- Chris Miller and Chris Colt as the Blues Brothers
The 1980 movie The Blues Brothers, which starred John Belushi and Dan Aykroyd of “Saturday Night Live” fame, earned $115 million in its first year. With this weekend’s stage show The Blues Brothers, the Blue Barn Players of Maple Corner fame have far more modest ambitions. They’re hoping to raise $9000 to cover renovations on a historic landmark in their tiny town — a blue barn.
The three-story, 19th-century former dairy barn, now cooperatively owned by three families, is occasionally a venue for amateur theatrical productions for local kids, not to mention Motown dance parties and other events for the close-knit community. Friends and neighbors Chris Miller and Chris Colt are two of those barn owners, and they are the creators of an ingenious production that turns a 2-and-a-half-hour movie filled with car chases, explosions and other mayhem into an hour-and-45-minute stage adaptation that isn’t. What the latter keeps, of course, is the music. The Blues Brothers, Vermont style, hits the Barre Opera House stage this Saturday for two shows only.
How did the production come about? “We decided to put on an adult show — the kids have all the fun,” faux-complains Miller, a granite sculptor. Colt, a theater teacher and director at Johnson State College, wanted to do a musical. “I hate musicals,” Miller says. “I wanted a comedy. We compromised on The Blues Brothers — a comedy that has a lot of great music in it.”
Of course, there is that little matter of copyright. And it turned out to be almost no matter. Aykroyd and Belushi’s widow, Judy Belushi Pisano, gave the go-ahead. “She was incredibly warm and funny and gracious and said she loved community theater,” Miller states in the group’s press release. “She said she had always wanted to see The Blues Brothers done as a play, and even asked us to send her our adaptation.” Miller notes that he invited Pisano, who lives on Martha’s Vineyard, Mass., to the show, but she is unable to come.
Miller found the movie’s script online and proceeded to condense it with Colt — the two will play Jake and Elwood Blues, respectively. “We tried to stay true to the original dialogue, but had to speed up in some places because you can’t cut to another place like in film,” explains Miller. He says the movie, at its heart, is “an incredible story”: Ex-con Jake and his brother Elwood are “on a mission from God” to raise money for a Chicago orphanage. Their plan is to reunite their old band and perform one big benefit concert. “The whole story is really about putting these old blues musicians together,” says Miller. There is, however, a little trouble with the law along the way. That’s why the Vermont bros persuaded local police to “arrest” them, creating the perfect publicity photo.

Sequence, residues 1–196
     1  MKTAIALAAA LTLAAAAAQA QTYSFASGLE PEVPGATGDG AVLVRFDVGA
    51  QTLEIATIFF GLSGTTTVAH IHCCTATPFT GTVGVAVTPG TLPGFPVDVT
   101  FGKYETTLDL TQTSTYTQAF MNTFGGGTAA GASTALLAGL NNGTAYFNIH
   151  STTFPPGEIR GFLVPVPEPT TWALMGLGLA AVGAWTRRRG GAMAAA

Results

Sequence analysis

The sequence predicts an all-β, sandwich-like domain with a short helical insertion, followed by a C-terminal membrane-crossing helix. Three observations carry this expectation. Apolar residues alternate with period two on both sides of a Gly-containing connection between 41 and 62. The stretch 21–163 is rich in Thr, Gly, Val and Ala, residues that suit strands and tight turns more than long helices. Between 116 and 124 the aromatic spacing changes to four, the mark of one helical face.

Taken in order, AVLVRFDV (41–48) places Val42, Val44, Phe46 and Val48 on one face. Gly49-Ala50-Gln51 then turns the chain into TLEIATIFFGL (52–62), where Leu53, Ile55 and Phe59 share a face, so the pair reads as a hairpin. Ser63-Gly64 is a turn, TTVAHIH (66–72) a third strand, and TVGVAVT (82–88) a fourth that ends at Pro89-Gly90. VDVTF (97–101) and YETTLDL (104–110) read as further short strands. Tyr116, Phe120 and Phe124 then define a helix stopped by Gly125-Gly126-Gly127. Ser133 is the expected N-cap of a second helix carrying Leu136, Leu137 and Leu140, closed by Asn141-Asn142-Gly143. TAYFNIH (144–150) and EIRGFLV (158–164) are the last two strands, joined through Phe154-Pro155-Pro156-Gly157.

In Miller and Colt’s revised script, “We decided that obscure Chicago references wouldn’t be nearly as funny as Vermont references,” Miller says. So the Cook County Prison becomes the St. Albans lock-up, and so on. “We definitely made it local,” he adds.
“I tell people, the story is fun, the dialogue is fun, but the whole thing is really about the music,” Miller continues. Of course, Aretha Franklin, Steve Cropper, Cab Calloway et al. weren’t available for the Barre production, but no worries: “We’ve got a killer band!” Miller declares. Lewis Franco, also a Maple Corner resident and lead singer for the Missing Cats, will play Cab Calloway. J.C. Myers will be the minister, played by James Brown in the movie. Nancy Toulis, wife of guitar player Artie Toulis, has the honor of filling Franklin’s shoes, and voice — her pivotal diner scene in the movie transplanted to a local eatery on stage.
Though the Barre Opera House — and this production’s budget — can’t accommodate high-speed car chases or pyrotechnics, Miller did find one pretty awesome prop: Jake and Elwood’s car. “At a junkyard, I bought a 1974 Dodge Monaco,” Miller reports gleefully. “They Sawzalled the front end. We couldn’t do this without the automobile!”
What is it about the men of Maple Corner? Some Vermonters will recall their “naked calendar” from a decade ago — a benefit for a local community center that scored national attention and inspired copycat fundraisers around the state. This time, Miller and Colt will be fully clothed in the Blues brothers’ signature black suits and white shirts — and, naturally, shades and fedoras. The show this Saturday is rated PG; the movie’s explosions didn’t transfer, but some profanity remains intact. Promises Miller: “It’s going to be really, really, really fun.”
The Blues Brothers, Saturday, January 28, 3 and 8 p.m. at the Barre Opera House. $15 in advance, $18 at the door. Info, 476-8188. barreoperahouse.org